But the most deafening noise is the silence coming from the Prime Minister. He sent out a tweet 3 days earlier to announce a meeting on security organized and attended by interim Police Commissioner of the national police, PNH, the head of the UN mission BINUH, the UNDP country representative as well as ambassadors and heads of missions accredited to the country. Meanwhile, the International Crisis group has warned the international actors responsible for Haiti to not rush the country into elections as a way to get the country out of the crisis that it is facing. The group, an independent organization that works to prevent wars and shape policies that are more pacific than belligerent, stated that a study they conducted led them to the conclusion that the priority facing the country now is to deliver aid to the vulnerable population devastated by the August 14, 2021 earthquake in the southern part of the country. According to the group, the support of international partners to try serious crimes, reform the police and support the creation of an open and inclusive transitional government will contribute more to a return to stability than the organization of precipitous elections, because the referendum on the constitution and the elections should not be the main priority of the country.
Armed gangs block access to oil terminals in Haiti
Port-au-Prince, Oct 26 (Prensa Latina) The Varreaux terminal, which processes 70 percent of Haiti’s fuel, continues to be blocked by armed groups, a practice that has become common in recent weeks in the midst of an intense fuel crisis.
Despite the Government’s announcement about the establishment of a security corridor on the Varreux / Martissant 23 axis to facilitate the free movement of tanker trucks, the drivers of oil trucks have been unable to obtain their payload and the workers of the terminal itself have been unable to access their jobs.
‘We don’t even have access to the terminal. The roads leading to the terminal are still blocked,’ a Varreaux official told Le Nouvelliste, confirming that tanker trucks have not been allowed to leave the terminal since Sunday.
The enclave currently holds about 25 thousand barrels of gasoline and over 50 thousand barrels of diesel, which, according to experts, allows the country to operate normally for three days.
Another shipment of oil is waiting at the port, but could not yet be unloaded due to the security situation.
‘The first thing to do is to unblock the area so that the trucks can pass. Then there is always the risk that armed people will open fire on the trucks … But this risk always existed,’ the source told the newspaper.
The leader of the Micanord gang, demanded on Monday 50 million gourdes (about 500 thousand dollars) from the government to allow the passage of tanker trucks.
Fuel crisis affects ambulance service in Haiti
Port-au-Prince, Oct 26 (Prensa Latina) The director of the National Ambulance Center of Haiti, Didier Herald Louis, warned today that only two of the 92 vehicles operating in Port-au-Prince are working due to the serious fuel shortage.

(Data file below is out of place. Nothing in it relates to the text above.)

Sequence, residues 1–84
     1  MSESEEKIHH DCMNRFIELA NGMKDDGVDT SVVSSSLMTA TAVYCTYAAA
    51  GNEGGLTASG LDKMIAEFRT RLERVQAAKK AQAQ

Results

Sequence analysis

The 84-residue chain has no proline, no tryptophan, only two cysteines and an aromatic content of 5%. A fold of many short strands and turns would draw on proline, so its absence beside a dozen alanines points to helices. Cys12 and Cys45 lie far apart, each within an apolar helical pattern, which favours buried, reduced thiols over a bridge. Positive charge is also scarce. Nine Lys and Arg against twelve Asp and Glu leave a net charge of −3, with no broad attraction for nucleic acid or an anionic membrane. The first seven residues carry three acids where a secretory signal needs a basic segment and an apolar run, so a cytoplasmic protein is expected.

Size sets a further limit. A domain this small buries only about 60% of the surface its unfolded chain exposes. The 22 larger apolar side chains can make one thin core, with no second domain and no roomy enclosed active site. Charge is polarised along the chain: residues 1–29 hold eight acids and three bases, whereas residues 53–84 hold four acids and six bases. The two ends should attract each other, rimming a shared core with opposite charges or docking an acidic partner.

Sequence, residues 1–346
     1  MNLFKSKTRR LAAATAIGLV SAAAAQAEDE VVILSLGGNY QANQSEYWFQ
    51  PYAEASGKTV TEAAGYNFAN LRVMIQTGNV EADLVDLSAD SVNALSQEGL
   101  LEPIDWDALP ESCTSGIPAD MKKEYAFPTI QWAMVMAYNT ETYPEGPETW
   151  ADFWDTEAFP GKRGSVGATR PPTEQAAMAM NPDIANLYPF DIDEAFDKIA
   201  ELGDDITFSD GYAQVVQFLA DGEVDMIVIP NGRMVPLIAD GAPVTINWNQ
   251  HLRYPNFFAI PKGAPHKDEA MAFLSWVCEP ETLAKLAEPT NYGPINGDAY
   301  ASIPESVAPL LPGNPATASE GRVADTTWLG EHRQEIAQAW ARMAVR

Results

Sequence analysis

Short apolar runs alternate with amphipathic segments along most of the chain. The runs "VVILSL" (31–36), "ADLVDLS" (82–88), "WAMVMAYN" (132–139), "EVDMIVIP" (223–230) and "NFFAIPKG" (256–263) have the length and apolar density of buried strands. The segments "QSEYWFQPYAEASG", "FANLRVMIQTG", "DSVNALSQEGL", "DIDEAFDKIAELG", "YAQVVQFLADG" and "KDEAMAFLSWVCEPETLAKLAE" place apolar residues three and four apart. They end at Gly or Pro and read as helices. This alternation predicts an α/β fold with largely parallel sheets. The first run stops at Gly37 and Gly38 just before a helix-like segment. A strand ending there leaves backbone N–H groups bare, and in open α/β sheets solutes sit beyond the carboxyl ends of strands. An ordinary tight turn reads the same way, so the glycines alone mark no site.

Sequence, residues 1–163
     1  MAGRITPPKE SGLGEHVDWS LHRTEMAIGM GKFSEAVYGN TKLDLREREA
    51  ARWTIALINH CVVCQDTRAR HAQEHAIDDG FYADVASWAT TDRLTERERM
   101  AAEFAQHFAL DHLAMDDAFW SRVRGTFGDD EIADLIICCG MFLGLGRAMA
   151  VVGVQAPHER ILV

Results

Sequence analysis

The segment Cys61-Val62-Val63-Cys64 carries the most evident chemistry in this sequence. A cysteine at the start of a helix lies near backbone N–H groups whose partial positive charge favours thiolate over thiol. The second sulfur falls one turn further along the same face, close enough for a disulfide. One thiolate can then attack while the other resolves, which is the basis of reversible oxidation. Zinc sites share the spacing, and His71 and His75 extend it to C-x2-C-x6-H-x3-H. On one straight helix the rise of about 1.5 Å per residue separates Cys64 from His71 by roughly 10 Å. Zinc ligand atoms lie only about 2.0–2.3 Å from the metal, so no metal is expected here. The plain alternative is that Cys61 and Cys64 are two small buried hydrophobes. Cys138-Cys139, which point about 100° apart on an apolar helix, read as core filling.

Such service, which already operates with irregularities because of the lack of ambulances, is affected by the inability to refuel, the authority confirmed with concern to the radio Magik 9 programme.
That sector joins others such as the sanitary, telephone, transportation and economic ones, which are suffering the consequences of the general domestic shortage, while the Government promises to reestablish the flow of fuel without any results.
The crisis which began in June, but which has lately increased, slows down the activities of the private sector and paralyzes the public institutions, which generates loss of income for the State, unable to pay its employees, economist Etzer Emile noted.
‘That situation clearly exposes the inability of authorities to manage this crucial, strategic and cross-cutting product,’ the expert criticized.
In addition to political infighting, gang control that hinders fuel distribution in the domestic market, low storage capacity and state subsidy, Emile mentioned the rise in the price of the barrel that doubled in 2020, he assured.
‘The fuel shortage increases the risk of doing business in Haiti, accelerates the poverty of Haitians and undermines economic growth, which has just recorded a consecutive negative rate for 2019, 2020 and 2021,’ the economist deemed according to the Vant Bef Info website.
The Association of Haiti’s Public Hospitals warned of the imminent closure of health care centers, while the United Nations missions in the country underscored that over 300 children, 45 pregnant women and 70 patients in need of life support could die if healthcare institutions cannot access the item.
Meanwhile, Doctors Without Borders warned that if the situation persists, the Tabarre Trauma and Burns hospital would have to reduce its activities and restrict admission criteria in the coming days; and DIGICEL, the country’s largest mobile telephone operator, reported that nearly 20 percent of its sites are dysfunctional due to fuel shortages.